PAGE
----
Building girls of courage, confidence, and character who make the world a better place

Join Us At Camp CEO!

By: Kim Dunne, Media Manager

camp ceoDue to a hugely successful Camp CEO last year – we are bringing it back this year!

Girls in grades 9-12 will spend a weekend learning from some of the area’s top women executives. Not only that – but they will slip into their favorite t-shirt and hiking shoes and participate in all of the fun traditional camp activities that you enjoy, like canoeing, adventure games, swimming, and much more!

During the weekend there will be mentoring workshops and you will discover what life is like in a variety of careers and gain insight into the challenges and triumphs of these professional women.

Camp CEO is taking place August 22-24 at the Comstock Program Center, north of Ithaca. The cost to attend is $180. To register, click here.

Don’t miss this exciting opportunity to connect with some of the top women executives!

By: Kim Dunne, Media Manager

buffalo stateAre you interested in majoring in the fine and performing arts in college? Do you want to talk to real students and professionals in the fields of the fine arts, music and dance? Then join the Buffalo State Campus Girl Scouts on Saturday, May 3 at the Buffalo State Campus!

All Girl Scouts, Daisies through Ambassadors, are invited to attend.

Here is a look at what each of the workshops provided will focus on:

  • Music: Led by the Buffalo State branch of the National Association of Future Music Educators, Daisies will get to learn songs and moves to show off to their friends and family. Brownies and Juniors will learn about all the different instruments and figure out which one might be the best choice for them! Cadettes, Seniors and Ambassadors will get a tour of the college-level facilities and learn about what it might be like to study music in college.
  • Dance: With the help of the Buffalo State Pop Dance team, all girls will learn an exciting form of dance that is used on campus to promote school spirit and build excitement at the Buffalo State sporting events.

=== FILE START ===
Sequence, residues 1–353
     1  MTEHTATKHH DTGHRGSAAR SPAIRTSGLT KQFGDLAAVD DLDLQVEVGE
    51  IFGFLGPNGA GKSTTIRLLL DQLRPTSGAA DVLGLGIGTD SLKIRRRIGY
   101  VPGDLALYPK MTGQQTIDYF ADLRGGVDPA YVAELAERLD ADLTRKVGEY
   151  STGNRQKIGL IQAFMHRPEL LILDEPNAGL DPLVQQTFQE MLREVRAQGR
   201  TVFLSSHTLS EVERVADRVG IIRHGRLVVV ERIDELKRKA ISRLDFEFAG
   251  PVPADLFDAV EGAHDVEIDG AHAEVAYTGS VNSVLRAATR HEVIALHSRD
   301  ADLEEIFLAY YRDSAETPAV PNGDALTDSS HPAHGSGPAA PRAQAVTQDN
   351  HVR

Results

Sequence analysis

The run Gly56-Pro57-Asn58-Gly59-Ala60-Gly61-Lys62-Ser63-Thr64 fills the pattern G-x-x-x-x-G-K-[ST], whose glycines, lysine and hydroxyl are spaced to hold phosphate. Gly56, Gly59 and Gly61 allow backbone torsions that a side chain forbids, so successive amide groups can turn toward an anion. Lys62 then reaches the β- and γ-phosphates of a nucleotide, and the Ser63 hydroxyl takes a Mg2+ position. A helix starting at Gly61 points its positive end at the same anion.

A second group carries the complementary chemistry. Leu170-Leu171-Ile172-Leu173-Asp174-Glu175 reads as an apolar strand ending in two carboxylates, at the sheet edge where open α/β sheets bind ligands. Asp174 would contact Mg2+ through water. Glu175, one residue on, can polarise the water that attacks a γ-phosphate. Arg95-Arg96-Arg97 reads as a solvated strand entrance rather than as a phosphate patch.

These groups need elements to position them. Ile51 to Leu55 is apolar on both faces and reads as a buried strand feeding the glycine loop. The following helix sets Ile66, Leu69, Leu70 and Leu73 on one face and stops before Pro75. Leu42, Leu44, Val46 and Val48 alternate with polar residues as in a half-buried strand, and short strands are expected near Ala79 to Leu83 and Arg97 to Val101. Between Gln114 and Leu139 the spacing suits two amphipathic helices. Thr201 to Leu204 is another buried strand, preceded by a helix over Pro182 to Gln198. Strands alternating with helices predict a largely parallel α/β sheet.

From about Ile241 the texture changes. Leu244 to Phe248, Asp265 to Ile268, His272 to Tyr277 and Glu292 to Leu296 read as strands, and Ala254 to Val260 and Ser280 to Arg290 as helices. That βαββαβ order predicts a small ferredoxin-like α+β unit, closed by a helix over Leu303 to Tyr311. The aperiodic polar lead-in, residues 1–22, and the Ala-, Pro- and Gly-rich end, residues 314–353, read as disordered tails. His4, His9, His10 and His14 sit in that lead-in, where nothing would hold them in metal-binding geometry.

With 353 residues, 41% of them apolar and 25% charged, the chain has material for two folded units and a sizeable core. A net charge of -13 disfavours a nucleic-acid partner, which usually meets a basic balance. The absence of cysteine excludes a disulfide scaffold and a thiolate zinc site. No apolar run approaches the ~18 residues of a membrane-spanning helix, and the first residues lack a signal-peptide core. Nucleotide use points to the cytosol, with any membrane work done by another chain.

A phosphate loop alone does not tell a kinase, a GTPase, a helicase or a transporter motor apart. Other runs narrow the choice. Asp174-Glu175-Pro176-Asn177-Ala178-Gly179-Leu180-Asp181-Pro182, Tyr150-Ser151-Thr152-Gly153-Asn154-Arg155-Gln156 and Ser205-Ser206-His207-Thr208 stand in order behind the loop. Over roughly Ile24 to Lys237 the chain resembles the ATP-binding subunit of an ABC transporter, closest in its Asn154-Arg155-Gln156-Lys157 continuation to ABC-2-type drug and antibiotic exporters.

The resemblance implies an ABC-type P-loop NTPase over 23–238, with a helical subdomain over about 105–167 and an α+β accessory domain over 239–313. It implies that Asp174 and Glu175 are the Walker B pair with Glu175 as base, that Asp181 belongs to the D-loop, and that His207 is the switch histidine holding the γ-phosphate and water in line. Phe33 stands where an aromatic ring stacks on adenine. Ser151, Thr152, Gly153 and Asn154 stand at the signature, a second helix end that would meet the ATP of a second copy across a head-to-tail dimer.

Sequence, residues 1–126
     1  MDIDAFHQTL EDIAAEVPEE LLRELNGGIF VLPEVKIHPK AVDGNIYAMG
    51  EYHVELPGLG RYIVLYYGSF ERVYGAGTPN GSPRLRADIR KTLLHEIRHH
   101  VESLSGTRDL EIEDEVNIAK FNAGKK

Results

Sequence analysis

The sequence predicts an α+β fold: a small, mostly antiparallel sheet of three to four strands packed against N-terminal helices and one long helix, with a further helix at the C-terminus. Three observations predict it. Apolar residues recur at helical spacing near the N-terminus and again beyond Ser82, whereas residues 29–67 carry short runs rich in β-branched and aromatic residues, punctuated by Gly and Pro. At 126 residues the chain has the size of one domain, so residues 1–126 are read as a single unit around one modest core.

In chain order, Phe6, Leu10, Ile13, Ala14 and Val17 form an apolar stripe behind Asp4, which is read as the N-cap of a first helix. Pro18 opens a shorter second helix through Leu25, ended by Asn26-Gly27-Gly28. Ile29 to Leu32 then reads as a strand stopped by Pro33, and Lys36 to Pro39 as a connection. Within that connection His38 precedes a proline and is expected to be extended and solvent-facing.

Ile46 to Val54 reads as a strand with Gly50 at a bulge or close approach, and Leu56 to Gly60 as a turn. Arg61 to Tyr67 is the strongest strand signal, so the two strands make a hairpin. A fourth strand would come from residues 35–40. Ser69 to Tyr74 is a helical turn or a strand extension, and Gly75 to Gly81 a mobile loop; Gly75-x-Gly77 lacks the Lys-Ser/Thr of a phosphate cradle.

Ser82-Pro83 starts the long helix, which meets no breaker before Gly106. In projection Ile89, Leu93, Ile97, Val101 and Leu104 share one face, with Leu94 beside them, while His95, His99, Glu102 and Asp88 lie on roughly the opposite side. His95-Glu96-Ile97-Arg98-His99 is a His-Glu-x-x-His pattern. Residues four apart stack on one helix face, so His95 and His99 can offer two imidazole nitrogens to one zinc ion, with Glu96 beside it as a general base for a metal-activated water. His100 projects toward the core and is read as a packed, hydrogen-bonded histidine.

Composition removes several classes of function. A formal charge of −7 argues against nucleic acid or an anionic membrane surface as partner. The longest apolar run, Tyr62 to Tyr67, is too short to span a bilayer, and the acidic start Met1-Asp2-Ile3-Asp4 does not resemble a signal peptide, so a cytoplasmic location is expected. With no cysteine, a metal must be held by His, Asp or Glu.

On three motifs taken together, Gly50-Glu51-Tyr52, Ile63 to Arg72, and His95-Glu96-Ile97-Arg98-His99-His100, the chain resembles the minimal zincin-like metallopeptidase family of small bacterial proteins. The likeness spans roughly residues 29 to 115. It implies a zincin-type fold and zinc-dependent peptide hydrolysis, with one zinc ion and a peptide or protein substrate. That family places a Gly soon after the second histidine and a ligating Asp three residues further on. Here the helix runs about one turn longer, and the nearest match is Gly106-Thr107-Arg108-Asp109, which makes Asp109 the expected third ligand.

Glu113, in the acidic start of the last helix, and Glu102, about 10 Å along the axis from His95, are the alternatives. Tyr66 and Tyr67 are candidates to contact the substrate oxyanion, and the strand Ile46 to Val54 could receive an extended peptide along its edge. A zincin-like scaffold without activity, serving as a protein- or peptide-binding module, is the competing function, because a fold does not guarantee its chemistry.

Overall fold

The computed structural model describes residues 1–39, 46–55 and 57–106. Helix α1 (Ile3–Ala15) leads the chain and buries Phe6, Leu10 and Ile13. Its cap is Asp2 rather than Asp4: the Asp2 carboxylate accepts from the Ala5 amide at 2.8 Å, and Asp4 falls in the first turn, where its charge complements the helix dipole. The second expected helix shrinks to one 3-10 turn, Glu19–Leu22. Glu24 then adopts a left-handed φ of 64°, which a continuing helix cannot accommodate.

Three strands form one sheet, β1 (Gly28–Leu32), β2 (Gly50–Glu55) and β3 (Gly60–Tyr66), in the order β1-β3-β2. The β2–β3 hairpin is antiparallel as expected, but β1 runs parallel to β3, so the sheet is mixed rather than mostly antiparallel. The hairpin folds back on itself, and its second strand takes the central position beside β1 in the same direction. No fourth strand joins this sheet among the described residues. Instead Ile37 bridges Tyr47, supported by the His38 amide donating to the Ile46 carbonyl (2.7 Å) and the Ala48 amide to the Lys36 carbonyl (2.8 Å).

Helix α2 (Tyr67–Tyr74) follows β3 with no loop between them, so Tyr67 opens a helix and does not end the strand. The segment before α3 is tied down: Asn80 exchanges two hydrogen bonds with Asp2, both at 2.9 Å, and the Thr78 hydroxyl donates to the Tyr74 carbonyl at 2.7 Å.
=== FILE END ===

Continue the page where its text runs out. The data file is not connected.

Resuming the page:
• Fine Arts: The girls will work first apart, and then together to create a collaborative city design using puzzles, a quilt and many other materials such as colored pencils, markers, crayon and construction paper. Led by a graduate student in Art Education, after each girl creates her own work of art, they will be combined together to create one amazing, Girl Scout artwork!
  • Museum Arts: At the art museum housed on the Buffalo State campus, the Burchfield-Penney Art Center, award-winning college artist Russell Ram will lead the Girl Scouts in a collage project that links words with images. As each of us responds differently to visual images, every piece created will be unique and personal. Beads, ribbons, and all types of collage materials will be incorporated into these one of a kind works of art.

The cost to register is $18 per girl and includes the cost of materials for the workshops, a Festival of the Arts patch, and a Festival of the Arts t-shirt. The deadline to register is April 28 and payment is due by April 30.

To register, e-mail or call (315) 879-2397.

How Sweet It Is

By: Kylie Pierce, Troop Leader in Rome

Sized_Cookies_ThinmintsMy co-leader and I have had a lot of fun helping our Daisies with their first Cookie Program, but even we had a little trepidation about our first cookie booth. Our girls have come out of their individual shells with us for the most part, but around strangers they are still a little shy (which isn’t necessarily a bad trait when it comes to strangers!). At our previous meeting we role-played what cookie transactions would look like, and the sorts of responses that they could give to various questions. They seemed to have a lot of fun acting out sales with their peers.

When we announced our first cookie booth slot and location, we expected that we would have some girls attend, but the troop turned out nearly in full force to support their girl-led goal of going to the zoo. They decorated their table with coloring sheets of zoo animals, and each Girl Scout wanted to be the first to sell a box. Our setup brought herding cats to mind – every girl was excited and anxious about the sale’s success.